The Robin survey illustrates how what employees value has evolved. Nearly half (45%) of respondents said paid time off is important, while about one-third (30%) signaled that they want a wellness stipend. About the same number (29%) said they would like to be able to work from anywhere. By contrast, the survey found that the most popular perks before the pandemic were, in descending order, social gatherings, work-from-home days (back when that was an occasional treat rather than a daily reality) and complimentary snacks in the office, followed by benefits like health club memberships, transportation and childcare.

“If there’s one thing business leaders should take away from this research it’s that, even in a hybrid work scenario, perks shouldn’t be overlooked,” said Zach Dunn, co-founder of Robin, whose clients include automaker Toyota and email marketing company Mailchimp.The talent market is red hot, and adjusting perks based on employee wants and needs will help prevent attrition, attract new employees and sends the message that your company is putting the employee first. It’s a winning approach in the fight against the Great Resignation.”

As for the ping pong tables, beer on tap and other cushy office features that have become fashionable in recent years? Such perks may still exist in a hybrid work culture, but the reality is, they’re simply not as needed (or wanted) as they used to be. That’s because the role of the office has evolved, having been transformed into a space where employees come to collaborate, utilize company assets — and focus on getting their work done.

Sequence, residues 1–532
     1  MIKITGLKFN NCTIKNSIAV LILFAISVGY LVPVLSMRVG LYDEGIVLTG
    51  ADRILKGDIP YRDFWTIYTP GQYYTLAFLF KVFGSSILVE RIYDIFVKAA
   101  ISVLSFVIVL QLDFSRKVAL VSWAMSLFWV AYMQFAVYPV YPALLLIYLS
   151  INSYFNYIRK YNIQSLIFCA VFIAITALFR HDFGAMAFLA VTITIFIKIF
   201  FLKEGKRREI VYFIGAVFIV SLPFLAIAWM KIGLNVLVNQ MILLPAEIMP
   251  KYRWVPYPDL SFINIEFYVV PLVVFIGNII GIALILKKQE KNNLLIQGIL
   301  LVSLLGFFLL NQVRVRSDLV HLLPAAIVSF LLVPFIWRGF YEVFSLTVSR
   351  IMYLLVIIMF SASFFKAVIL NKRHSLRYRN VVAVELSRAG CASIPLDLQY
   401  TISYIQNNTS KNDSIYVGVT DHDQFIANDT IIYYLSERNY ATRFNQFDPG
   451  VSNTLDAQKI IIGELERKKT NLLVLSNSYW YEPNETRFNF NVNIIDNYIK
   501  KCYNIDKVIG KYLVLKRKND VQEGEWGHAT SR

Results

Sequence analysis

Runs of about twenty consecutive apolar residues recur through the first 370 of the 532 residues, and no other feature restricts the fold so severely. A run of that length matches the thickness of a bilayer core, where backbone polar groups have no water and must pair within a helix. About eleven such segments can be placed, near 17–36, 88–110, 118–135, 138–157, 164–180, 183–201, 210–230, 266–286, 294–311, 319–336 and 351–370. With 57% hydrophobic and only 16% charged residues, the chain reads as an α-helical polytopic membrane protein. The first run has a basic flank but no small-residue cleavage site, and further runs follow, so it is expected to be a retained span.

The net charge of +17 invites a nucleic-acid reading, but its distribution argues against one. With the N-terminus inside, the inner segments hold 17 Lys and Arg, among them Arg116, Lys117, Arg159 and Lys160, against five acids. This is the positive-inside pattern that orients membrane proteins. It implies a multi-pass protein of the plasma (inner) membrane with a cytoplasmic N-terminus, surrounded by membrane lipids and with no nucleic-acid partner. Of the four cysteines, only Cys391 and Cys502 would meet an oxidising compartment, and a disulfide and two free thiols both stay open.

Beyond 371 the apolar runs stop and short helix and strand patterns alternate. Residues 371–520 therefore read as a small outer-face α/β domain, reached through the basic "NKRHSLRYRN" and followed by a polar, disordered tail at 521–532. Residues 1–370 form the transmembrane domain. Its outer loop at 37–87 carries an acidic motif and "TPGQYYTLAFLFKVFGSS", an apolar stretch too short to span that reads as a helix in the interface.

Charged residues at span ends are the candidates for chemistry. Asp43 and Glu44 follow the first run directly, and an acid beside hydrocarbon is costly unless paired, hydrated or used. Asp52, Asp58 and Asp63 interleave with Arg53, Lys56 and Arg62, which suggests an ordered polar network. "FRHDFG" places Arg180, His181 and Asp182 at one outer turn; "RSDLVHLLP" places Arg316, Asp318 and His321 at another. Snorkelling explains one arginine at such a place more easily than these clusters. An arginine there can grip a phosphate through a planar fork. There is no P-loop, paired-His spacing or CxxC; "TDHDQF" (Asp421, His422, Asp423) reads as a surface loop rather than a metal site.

In the Robin survey, differences among generations were striking. For millennials and young Gen Xers, perks are more important than ever, with more than half (51%) saying they put great value on them. As for Gen Z and young millennials, they care more than any other group about access to mental health resources, with 91% indicating such benefits are key. Meanwhile, Xers say their expectations about freebies have not changed since the pandemic began, while Boomers are the most ambivalent group of all when it comes to perks. 

Even though employees say they value perks more than ever and even as many companies roll out new ones, still other employers are shedding benefits. Nearly one-third (30%) of those surveyed reported having lost some kind of benefit during the pandemic and, for the most part, they said their employers have not introduced any new ones.

And new perks reflect employees’ shifting priorities. Among the new offerings to emerge, fully remote work arrangements are solidly in the top spot, adopted by the employers of nearly half (45%) of Robin’s respondents, followed by additional PTO (37%), flex work hours (32%) and wellness stipends (23%). Other popular new benefits include allowances for home office expenses, meal deliveries, and mobile and internet services.